I don't think anyone so far has mentioned Certified Medicaid Planners (as alternative to elder law attorneys). If you're interested, go to the website of Paying for Senior Care. The page I'm looking at right now has an excellent (understandable) summary of what Planners do, how to handle Medicaid when only one spouse needs it, etc. (I'd post the link but I'm not sure if we're allowed to do so on this forum.)

Also, the American Council on Aging offers free help in initially finding a Medicaid Planner on their "Medicaid Planning Assistance" page.

There's no denying that either choice involves some expense, but keep in mind that this expense meets the look-back requirements for acceptable expenditures (assuming you use your in-laws' money to pay for it, NOT your money) during the 5-year period.

Applying for Medicaid is a complex procedure, and it is all to easy to make a mistake no matter how well you think you understand the requirements. As others have said, every state is different. Do look into hiring either an elder law attorney or a Medicaid Planner to guide you through this. It's well worth the expense.

Be aware, too, that a nursing home is not their only option. Medicaid also covers home health care, although I don't know if there are criteria that dictate when recipients MUST move from home to a nursing home (for example, if they need 24-hour care). Again, you will learn all this from an attorney or planner.

This is a tough time for all of you. I wish you as uncomplicated a Medicaid process as possible!
Helpful Answer (5)
Reply to Angst74

Start with copies of their tax returns. If they had the professionally prepared, (like H&R Block), get the copies of those years. Also go to their bank & get bank statements for each month, going back as far as you need.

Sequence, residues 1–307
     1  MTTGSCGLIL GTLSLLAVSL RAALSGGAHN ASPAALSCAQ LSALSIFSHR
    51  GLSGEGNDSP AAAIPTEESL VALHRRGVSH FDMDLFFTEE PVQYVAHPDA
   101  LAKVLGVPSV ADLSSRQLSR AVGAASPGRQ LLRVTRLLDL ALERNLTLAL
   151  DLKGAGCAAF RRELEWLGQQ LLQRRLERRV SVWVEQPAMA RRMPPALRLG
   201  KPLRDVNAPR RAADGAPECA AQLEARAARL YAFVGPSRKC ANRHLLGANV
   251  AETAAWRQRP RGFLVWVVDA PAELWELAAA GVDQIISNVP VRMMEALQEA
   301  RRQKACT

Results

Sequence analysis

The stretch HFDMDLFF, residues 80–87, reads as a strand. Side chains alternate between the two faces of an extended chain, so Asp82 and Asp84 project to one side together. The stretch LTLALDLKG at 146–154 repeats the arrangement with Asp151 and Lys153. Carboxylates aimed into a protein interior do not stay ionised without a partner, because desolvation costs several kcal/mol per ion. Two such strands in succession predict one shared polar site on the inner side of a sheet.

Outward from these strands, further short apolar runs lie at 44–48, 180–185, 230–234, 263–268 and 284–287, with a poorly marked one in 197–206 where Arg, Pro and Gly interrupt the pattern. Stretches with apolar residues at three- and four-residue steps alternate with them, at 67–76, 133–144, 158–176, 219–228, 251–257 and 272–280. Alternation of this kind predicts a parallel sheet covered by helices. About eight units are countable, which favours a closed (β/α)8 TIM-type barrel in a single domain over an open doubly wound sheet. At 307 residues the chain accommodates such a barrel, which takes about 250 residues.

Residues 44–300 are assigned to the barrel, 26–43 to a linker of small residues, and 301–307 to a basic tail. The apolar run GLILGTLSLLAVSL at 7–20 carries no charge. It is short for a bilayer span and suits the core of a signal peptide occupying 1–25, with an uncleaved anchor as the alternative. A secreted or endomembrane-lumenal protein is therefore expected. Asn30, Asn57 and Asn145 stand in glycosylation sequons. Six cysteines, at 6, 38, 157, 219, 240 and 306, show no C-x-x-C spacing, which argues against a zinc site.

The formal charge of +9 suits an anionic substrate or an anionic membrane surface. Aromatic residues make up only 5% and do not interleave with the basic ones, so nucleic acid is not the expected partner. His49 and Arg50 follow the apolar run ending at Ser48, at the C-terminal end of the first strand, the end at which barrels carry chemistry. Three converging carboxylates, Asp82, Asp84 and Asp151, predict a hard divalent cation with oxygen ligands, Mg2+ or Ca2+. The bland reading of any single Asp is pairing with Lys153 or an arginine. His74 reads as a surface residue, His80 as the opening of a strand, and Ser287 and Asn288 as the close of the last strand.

You may have to have power-of-attorney for finances in order to do this. If they have already given this to you, you should have no problem. If not, it's time for a talk.
Helpful Answer (3)
Reply to Momsmokaboy65

Contact your local area agency on aging. to find the right agency. They provide lots of information and are funded with federal and some state money. Each area has volunteers who have undergone speciality training (updated often) about helping people (seniors and disabled) who need help paying for health care.
They can 'show you the ropes' and may have a short list of elder law attorneys that other clients have reported good results after working with them.
Medicaid is a payor of last resort (after all other possible benefits are in place and the assets are spent down to the dollar amount specified in each state.
Medicaid is the only public benefit program that pays the cost of residential nursing home care. (Medicare can pay part of the cost of rehabilitative care in a nursing home.)
It's a process. Don't try to get it all done at once, just get going and try to get one or two bits at a time. Keep copies of everything.
Documentation means proving that the elder is the person they claim to be, have documentation of all of their income and assets, and meet clinical criteria for nursing home care.
Good luck
Helpful Answer (3)
Reply to Clairesmum

lauriecat: Imho, do yourself a favor by retaining an elder law attorney for this issue.
Helpful Answer (3)
Reply to Llamalover47

I don't see them being on Medicaid making that much money a month, they would be on Medicare.
Id you plan on putting them in a Nursing Home, which I wouldn't do to my worse enemy because get are all horrible and not a nice place to live your remaining years.

If at all possible, let them remain in their own home and hire Caregivers.
Helpful Answer (2)
Reply to bevthegreat
ZippyZee Dec 5, 2021
Friendly PSA to ignore any complaining about nursing homes from bevthetroll.
See 1 more reply
See All Answers
Ask a Question
Subscribe to
Our Newsletter